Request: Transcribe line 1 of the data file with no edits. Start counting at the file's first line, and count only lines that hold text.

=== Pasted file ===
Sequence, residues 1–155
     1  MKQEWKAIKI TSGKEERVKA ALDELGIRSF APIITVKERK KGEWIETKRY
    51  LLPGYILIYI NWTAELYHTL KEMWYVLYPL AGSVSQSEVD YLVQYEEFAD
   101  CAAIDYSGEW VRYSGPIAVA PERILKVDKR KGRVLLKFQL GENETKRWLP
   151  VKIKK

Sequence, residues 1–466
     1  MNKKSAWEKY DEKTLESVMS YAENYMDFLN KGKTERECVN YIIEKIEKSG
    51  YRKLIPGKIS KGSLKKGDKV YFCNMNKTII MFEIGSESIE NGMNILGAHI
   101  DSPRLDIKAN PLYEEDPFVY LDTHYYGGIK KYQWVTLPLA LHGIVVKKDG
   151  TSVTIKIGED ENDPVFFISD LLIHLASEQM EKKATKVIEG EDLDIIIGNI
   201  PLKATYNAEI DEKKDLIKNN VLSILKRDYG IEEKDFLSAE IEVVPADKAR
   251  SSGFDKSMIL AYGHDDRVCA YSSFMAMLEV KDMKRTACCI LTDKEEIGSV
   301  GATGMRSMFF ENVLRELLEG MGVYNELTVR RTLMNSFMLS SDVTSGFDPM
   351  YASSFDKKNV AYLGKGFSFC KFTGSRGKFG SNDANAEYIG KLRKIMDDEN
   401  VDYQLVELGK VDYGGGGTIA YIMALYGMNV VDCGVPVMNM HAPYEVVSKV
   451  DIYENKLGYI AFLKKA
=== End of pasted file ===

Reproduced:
Sequence, residues 1–155